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Why Spoilers aren't necessarily a bad thing

In a conversation with a developer, he shared that his trailer was lacking because he didn’t want to spoil too many things. I asked if you can spoil too much? He got defensive, and I backed off. But with the internet, do spoilers really matter? NOPE.

Rocky Kev, Blogger

October 25, 2016

5 Min Read

In a conversation with a developer, he shared that his trailer was lacking gameplay because he didn’t want to spoil too many things.

“Your trailer is about a minute or two long. Can you really spoil too much?”

He got defensive. So I backed off and quickly changed topics.

I couldn’t stop thinking about it after the conversation. In an age where Let’s Play, Twitch, and communities that spread news like wildfire – do spoilers matter?

I’ll answer that in a second from my marketing perspective.
For now, I’m going to share a bit about spoilers.

//Note: The developer did make changes. But I wanted to write this article for any other developer who is afraid of spoiling too much.

Don't spoil me brah

The made-up history of Spoilers

From my anecdotal evidence, the ‘shh no spoilers’ started coming into the limelight during the early 2000s. I was told to watch Fight Club and the Sixth Sense but wasn’t told why. Youtube didn’t exist at the beginning of the 2000s, so you couldn’t watch trailers on demand to see if the movie was worth it. I relied entirely on word of mouth.

So I found the movies and watched them. Then I saw the twists. Then I enjoyed being part of the secret club of people who knew the twists. Then we talked in code around everyone who didn't see it.

And then that one we kid in school shouted, “Bruce Willis is a GHOST!” and we all hated that kid.

Movies became sacred. They became something to be experienced without outside influence. And ‘Shh No Spoilers’ was the mantra.

I love the ‘Shh No Spoilers’ people.

I recall another moment during my math class, where and friend and I were talking about Dragonball Z, and wondering what will happen in the next episode. “No spoilers!” another nerd threatened (we were all nerds btw.) This wasn’t War and Peace; this was a anime! Hero beats villain. Hero saves the world. Krillin dies somehow.

I freakin’ hate the ‘Shh No Spoilers’ people.

The Actual Study on Spoilers

There have been experiments by people smarter than me. There are studies by those who say it CAN ruin the enjoyment. But then some studies say the opposite.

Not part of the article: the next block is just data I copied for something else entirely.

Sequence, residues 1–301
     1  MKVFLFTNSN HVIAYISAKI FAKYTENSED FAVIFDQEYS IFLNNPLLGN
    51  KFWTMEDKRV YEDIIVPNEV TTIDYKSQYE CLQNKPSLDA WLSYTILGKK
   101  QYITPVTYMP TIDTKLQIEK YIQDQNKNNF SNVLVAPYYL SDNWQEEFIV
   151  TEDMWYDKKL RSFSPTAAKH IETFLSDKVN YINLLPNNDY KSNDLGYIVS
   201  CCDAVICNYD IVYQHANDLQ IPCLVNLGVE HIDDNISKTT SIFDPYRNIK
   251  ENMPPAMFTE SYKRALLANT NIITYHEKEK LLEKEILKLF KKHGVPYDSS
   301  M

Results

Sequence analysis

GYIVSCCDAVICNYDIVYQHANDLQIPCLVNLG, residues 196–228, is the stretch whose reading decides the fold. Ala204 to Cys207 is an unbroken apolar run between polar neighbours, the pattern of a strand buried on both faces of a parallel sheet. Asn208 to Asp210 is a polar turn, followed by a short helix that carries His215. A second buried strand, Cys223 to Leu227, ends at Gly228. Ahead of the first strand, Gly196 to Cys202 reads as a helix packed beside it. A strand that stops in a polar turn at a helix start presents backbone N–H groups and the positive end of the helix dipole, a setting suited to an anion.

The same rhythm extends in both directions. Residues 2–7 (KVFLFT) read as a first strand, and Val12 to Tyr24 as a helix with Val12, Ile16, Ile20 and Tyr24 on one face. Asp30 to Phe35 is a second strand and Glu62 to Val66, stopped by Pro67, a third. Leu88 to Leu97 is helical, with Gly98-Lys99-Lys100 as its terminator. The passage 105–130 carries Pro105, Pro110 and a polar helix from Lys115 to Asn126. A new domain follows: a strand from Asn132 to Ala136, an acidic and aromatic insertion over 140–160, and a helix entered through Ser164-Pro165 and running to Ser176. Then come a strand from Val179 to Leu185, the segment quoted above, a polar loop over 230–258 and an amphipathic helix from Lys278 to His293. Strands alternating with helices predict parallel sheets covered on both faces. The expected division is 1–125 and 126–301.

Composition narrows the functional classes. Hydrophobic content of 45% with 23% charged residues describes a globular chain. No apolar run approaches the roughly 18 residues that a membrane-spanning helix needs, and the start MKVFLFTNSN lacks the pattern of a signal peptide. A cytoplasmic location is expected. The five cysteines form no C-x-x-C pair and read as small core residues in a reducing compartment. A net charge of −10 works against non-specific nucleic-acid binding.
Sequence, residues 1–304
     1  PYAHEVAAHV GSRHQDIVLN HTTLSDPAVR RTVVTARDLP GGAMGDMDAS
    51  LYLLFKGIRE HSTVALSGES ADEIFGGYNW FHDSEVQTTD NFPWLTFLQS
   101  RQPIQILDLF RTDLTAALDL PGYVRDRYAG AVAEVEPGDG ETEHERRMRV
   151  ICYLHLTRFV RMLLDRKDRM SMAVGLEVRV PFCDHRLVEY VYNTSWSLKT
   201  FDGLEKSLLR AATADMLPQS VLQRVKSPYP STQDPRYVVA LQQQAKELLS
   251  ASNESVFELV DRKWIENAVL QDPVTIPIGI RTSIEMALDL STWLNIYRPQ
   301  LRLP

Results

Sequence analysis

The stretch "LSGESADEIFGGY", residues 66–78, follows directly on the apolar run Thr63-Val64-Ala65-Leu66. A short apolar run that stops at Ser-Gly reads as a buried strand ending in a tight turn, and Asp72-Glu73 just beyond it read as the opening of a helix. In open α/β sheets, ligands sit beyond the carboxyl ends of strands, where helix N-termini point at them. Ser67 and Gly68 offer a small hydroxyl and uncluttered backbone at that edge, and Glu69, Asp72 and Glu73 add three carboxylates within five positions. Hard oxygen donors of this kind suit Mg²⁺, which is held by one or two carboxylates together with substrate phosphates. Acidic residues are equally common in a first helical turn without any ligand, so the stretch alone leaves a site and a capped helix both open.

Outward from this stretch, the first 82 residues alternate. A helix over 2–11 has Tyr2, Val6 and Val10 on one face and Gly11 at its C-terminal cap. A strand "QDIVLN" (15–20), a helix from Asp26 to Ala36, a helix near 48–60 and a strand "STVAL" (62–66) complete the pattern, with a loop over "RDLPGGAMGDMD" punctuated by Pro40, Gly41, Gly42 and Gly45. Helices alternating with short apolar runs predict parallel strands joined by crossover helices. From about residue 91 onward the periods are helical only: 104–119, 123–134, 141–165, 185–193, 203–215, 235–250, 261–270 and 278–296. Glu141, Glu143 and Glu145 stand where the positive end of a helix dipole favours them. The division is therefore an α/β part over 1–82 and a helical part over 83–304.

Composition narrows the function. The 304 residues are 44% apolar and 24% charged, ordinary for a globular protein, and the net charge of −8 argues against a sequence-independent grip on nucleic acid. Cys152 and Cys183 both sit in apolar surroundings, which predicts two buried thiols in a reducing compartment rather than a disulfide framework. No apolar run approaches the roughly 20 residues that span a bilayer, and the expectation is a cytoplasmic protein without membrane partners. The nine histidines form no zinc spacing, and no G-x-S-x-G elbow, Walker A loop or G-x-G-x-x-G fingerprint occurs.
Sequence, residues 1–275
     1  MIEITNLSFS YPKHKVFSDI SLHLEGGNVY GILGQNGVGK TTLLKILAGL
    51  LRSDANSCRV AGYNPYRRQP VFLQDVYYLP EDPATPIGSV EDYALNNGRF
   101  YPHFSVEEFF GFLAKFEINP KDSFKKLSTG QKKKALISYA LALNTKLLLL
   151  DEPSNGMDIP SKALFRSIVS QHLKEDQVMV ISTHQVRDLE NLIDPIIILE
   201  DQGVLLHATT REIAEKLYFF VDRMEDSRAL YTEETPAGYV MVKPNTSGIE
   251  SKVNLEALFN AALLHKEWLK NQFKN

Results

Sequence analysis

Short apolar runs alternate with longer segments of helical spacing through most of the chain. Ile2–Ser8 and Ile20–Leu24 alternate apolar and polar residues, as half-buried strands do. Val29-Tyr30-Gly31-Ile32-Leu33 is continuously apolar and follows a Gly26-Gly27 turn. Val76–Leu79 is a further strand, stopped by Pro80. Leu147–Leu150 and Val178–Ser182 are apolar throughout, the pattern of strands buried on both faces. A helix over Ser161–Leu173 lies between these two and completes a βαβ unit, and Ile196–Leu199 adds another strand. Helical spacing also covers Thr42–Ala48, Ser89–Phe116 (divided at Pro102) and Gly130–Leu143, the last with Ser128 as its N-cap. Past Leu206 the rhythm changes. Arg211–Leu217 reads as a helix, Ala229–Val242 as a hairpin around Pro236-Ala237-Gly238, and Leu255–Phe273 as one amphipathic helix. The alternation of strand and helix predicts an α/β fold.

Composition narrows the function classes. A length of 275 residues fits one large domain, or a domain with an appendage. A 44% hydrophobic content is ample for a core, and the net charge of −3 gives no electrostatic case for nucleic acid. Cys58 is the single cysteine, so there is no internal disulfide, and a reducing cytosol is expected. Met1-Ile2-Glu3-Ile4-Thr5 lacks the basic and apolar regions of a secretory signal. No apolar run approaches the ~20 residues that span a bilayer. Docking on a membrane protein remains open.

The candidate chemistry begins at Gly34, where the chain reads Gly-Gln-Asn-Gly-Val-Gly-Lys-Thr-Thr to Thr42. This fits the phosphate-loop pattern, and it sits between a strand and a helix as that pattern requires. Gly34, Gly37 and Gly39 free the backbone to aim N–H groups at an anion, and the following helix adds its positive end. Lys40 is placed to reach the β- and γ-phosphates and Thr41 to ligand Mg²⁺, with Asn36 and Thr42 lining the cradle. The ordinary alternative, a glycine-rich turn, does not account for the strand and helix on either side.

There is also an article that sits happily in the middle of the fence.

The conclusion: I don’t know the answer.
I told you those people are way smarter than me. (They probably have college degrees or something.)


Back to Video Games

I’m a marketer. I work with game developers to find customers that want their game. (I don’t sell ice to eskimos. Those aren’t marketers; those are scammers.)

To comment on the developer who was afraid to share ‘too much’ in their trailer because of spoilers, I disagree.

 Here’s why.

1) Spoilers can’t hide from the internet

We are living in an age where Let’s Play, Twitch, and communities that spread news like wildfire.

This is the same internet where, during the release of Star Wars 7, discussion threads had trolls ruining the middle of the movie and the defenders who downvoted them to oblivion.

Spoilers will find a way.

2) A potential loss sale

From a user perspective, spoilers can ruin the experience. But spoilers provide motivation as well.

Imagine a friend ruins the surprise in Bioshock Infinite, but you still check out the game. While playing, the pieces start to add up. The friend’s spoiler begin echoing in your head. Suddenly - the surprised happen. You toss your chair and shout, “I KNEW IT. THEY RUINED IT FOR ME! RAAAGH!”

But then something interesting happens.
You sit back down and continue playing.

From a marketer’s perspective, that’s a win!

Imagine the same scenario, only that friend never even told you about Bioshock Infinite. You might have never played! You might have continued living your life, blissfully unaware of Bioshock Infinite’s spoiler.

The spoiler became a subconscious motivation for you to see if your friend was right.

Now, you’re probably rolling your eyes. “Bioshock Infinite was marketed everywhere! It had an all-star team, was a press favorite, and the other Bioshocks were awesome!

My counterpoint: How many indie games WEREN’T talked about? All because developers hid elements because they were afraid of spoiling it?

3) Is it REALLY a spoiler? Do you even NEED a spoiler?

The developer with the trailer, he didn’t want to show certain elements of the game because ‘it was a spoiler.

But from my perspective, it looked like a natural part of the game.

//He later agreed with me.

What if your 'spoiler' is actually your unique selling proposition?

That Dragon, Cancer, a game/true-story of a husband game developer and his wife dealing with their baby who dies from an illness, could have easily kept the death as a big reveal in the game.  

A movie HAS to have a comprehensive story, which could include shock, fear, surprise, and a twist.
And while that feeling of surprise is a powerful emotion, it isn’t a big thing. Games can still be good, even with a terrible story. (cough almost every FPSes out there)


For the indie developers out there - don’t let the fear of spoilers hold you back from putting your best in your trailers.

If you're making a narrative game - sure. There's a fine line.

But for everyone else: you’re not holding back a surprise; you are taking your secret to the grave.

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